rsarmiento's blog

LibGuide on Scholarly Communication and More

This new resource from the Northwestern University Library may be of interest to our community since it covers a lot of new initiatives. Here is part of their announcement:  "The Norhtwestern University Center for Scholarly Communication & Digital Curation has published a LibGuide. This guide to Scholarly Communication introduces the term and several other related issues, including copyright, author's rights, open access, self-archiving, peer review, and collaboration. Each page includes introductory text and links to further resources."    http://libguides.northwestern.edu/scholcomm  

Big data..big trend

A Lorcan Dempsey, OCLC, blog entry describing the problems associated with cataloguing and managing big data. It also includes definition and issues facing researchers and institutions. There is even reference to transportation-related big data examples.  http://orweblog.oclc.org/archives/002196.html

National Science Board Releases Report on Digital Data

 The National Science Board (NSB) released, Digital Research Data Sharing and Management, which builds upon several previous reports by the NSB and the National Research Council. The NSB states that it, “believes that timely attention to digital research data sharing and management is fundamental to supporting U.S. science and engineering in the twenty-first century. This report recognizes the evolving role of data in science and society and strong and sustainable data sharing and management policies as a critical national need.” Download the report from the NSF website.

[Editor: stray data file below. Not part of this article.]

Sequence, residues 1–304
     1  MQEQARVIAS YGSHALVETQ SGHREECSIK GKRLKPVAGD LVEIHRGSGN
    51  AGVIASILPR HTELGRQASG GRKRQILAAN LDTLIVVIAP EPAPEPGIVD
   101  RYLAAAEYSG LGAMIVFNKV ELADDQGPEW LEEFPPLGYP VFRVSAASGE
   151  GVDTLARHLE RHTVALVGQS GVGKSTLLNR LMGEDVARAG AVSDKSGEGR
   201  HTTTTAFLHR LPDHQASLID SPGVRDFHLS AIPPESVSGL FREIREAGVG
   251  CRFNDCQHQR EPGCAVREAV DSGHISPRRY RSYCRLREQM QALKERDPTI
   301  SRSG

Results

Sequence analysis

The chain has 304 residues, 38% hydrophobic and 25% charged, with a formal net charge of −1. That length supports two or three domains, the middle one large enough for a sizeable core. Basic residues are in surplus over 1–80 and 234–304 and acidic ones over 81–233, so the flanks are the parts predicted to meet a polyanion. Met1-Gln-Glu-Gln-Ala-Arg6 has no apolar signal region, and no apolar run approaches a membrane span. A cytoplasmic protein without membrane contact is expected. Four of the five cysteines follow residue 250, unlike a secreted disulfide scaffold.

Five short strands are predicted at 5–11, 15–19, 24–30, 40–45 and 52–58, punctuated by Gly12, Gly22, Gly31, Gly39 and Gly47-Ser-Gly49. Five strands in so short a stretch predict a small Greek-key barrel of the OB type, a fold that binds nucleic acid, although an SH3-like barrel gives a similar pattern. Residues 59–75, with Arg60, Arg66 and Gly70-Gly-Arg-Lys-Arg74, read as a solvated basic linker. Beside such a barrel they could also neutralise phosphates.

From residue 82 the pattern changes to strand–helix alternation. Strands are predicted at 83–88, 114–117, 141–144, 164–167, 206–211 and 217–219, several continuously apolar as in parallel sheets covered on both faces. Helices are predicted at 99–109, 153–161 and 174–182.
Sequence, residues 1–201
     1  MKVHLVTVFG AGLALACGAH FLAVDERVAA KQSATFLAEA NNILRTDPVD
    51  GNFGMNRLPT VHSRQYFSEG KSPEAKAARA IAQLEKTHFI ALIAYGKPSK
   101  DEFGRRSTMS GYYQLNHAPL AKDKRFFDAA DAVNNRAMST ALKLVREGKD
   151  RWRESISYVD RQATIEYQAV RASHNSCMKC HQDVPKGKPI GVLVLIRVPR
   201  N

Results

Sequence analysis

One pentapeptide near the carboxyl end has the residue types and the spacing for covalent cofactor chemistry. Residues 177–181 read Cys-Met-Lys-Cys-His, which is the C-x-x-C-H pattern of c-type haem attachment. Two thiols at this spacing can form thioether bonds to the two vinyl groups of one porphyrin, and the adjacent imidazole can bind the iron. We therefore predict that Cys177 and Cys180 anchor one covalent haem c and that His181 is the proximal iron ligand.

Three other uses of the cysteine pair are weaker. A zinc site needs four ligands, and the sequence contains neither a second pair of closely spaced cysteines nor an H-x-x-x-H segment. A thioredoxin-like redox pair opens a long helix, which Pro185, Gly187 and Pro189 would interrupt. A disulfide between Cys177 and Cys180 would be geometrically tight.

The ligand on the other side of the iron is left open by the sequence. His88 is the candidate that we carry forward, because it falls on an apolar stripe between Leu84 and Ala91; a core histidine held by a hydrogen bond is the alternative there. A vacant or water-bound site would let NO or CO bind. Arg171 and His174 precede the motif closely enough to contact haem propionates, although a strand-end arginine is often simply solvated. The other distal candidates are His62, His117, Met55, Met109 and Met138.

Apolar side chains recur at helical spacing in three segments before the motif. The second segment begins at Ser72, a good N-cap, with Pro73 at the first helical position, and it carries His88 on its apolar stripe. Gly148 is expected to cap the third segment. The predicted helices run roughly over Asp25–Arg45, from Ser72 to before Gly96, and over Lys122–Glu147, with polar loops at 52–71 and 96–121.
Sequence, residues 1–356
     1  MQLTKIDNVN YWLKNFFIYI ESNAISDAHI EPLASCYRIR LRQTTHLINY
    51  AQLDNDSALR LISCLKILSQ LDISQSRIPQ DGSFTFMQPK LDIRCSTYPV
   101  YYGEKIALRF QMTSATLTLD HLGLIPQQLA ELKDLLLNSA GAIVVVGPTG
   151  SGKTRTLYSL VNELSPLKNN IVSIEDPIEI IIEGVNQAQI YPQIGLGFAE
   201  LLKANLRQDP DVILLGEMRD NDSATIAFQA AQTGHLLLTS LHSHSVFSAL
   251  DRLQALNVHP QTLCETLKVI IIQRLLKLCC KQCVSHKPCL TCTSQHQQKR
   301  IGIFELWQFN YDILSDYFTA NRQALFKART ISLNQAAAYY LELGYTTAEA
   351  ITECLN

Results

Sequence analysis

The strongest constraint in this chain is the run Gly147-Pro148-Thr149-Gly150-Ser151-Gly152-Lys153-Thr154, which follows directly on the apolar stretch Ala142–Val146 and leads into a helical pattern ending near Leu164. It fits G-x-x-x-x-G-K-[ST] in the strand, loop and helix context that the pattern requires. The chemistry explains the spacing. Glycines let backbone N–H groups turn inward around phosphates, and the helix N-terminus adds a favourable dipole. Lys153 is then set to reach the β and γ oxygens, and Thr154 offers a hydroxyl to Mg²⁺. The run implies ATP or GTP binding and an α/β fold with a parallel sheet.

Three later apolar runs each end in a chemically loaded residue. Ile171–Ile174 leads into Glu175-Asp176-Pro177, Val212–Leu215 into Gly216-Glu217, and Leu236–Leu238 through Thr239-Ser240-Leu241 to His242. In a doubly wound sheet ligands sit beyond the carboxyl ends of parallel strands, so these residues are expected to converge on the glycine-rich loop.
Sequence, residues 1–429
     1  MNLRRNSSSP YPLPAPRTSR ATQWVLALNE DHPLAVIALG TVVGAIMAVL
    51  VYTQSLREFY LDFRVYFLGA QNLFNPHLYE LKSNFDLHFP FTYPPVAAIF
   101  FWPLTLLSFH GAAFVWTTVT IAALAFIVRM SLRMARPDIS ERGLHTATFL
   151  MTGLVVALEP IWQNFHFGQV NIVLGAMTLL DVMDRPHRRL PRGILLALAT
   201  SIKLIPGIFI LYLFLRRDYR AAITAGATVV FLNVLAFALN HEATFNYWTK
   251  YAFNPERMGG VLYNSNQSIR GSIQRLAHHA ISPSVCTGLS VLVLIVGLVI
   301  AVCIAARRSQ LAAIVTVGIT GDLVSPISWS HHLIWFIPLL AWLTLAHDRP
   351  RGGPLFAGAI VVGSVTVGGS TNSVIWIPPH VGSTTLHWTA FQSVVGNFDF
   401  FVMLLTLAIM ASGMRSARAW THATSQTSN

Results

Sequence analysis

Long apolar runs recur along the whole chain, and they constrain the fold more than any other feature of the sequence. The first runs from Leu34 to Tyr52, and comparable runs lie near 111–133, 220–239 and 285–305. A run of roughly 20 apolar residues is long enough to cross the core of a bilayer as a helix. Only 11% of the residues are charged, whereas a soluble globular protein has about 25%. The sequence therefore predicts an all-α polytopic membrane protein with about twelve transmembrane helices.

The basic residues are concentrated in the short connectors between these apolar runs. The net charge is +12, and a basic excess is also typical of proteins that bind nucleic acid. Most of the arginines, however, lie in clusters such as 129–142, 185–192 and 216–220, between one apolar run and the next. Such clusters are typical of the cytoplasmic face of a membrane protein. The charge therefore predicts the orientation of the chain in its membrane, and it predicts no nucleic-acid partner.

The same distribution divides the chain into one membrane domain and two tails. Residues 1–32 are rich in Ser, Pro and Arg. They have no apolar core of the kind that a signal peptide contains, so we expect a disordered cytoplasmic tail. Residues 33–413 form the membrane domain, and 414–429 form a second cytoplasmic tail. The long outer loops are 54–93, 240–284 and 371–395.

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Why Big Data Won’t Make You Smart, Rich, Or Pretty

Following up on our conversation at the LIST meeting earlier this week, I ran into this interesting and broad article from FastCompany.com about big data. It may be good as a background piece for our future conversations. <http://www.fastcompany.com/1811441/why-big-data-won-t-make-you-smart-rich-or-pretty>  
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Washington, DC—The Association of Research Libraries (ARL) announces the release of the Code of Best Practices in Fair Use for Academic and Research Libraries, a clear and easy-to-use statement of fair and reasonable approaches to fair use developed by and for librarians who support academic inquiry and higher education. To download the Code and view supplementary educational resources, including videos, slideshows, and FAQs, visit the ARL website: http://www.arl.org/fairuse.

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